Vertigo and the global Merton

Young, Jock (2008) Vertigo and the global Merton. Theoretical Criminology, 12 (4). pp. 523-543. ISSN 1362-4806. (doi:https://doi.org/10.1177/1362480608099771) (The full text of this publication is not currently available from this repository. You may be able to access a copy if URLs are provided)

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http://dx.doi.org/10.1177/1362480608099771

Abstract

Vertigo is the malaise of late modernity: a sense of insecurity, of insubstantiality, and of uncertainty, a whiff of chaos and a fear of falling. The signs of giddiness are everywhere, some serious, some banal; once acknowledged, a series of separate seemingly disparate facts begin to fall into place. The obsession with rules, an insistence on clear uncompromising lines of demarcation between correct and incorrect behaviour, the decreased tolerance of deviance, a disproportionate response to rule-breaking, an easy resort to punitiveness and a point at which simple punishment begins to verge on the vindictive. Some of these things are quite blatant, they are the major signposts of our times, the rise in the United States of a vast Gulag of 2.2 million people in prison and 1 in 34 of the population in prison, on probation or parole at any one time, the draconian drug laws, the use of terrorist legislation to control everything from juvenile gangs to freedom of speech. Some are quite banal, the obsession with the politically correct, the policies of zero-tolerance, the shenanigans of New Labour over the control of undesirable behaviour, ASBOs enters the English language (even becoming a verb: ‘to be ASBO’d’), and a British Home Secretary stands up at the 2005 Labour Party Conference and announces his intention ‘to eliminate anti-social behaviour’ by 2010 (a statement of Canutelike munificence). Moral panics abound …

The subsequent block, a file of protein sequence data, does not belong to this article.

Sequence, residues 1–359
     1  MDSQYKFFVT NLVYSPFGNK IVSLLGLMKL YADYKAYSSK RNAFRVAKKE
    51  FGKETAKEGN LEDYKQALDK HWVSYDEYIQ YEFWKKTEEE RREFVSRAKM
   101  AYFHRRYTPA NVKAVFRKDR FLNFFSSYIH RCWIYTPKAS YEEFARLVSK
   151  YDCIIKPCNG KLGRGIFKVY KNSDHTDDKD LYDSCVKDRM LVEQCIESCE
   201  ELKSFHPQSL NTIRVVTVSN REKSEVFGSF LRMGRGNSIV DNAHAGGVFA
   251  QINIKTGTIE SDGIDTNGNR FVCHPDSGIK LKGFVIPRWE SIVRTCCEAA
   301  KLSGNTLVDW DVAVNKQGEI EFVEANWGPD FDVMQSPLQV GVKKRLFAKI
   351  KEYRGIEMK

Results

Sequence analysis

Item Type: Article
Subjects: H Social Sciences > H Social Sciences (General)
H Social Sciences > HM Sociology
Divisions: Faculties > Social Sciences > School of Social Policy Sociology and Social Research
Faculties > Social Sciences > School of Social Policy Sociology and Social Research > Criminology
Depositing User: Mita Mondal
Date Deposited: 08 Jul 2013 09:28 UTC
Last Modified: 25 Apr 2014 13:34 UTC
Resource URI: https://kar.kent.ac.uk/id/eprint/34551 (The current URI for this page, for reference purposes)
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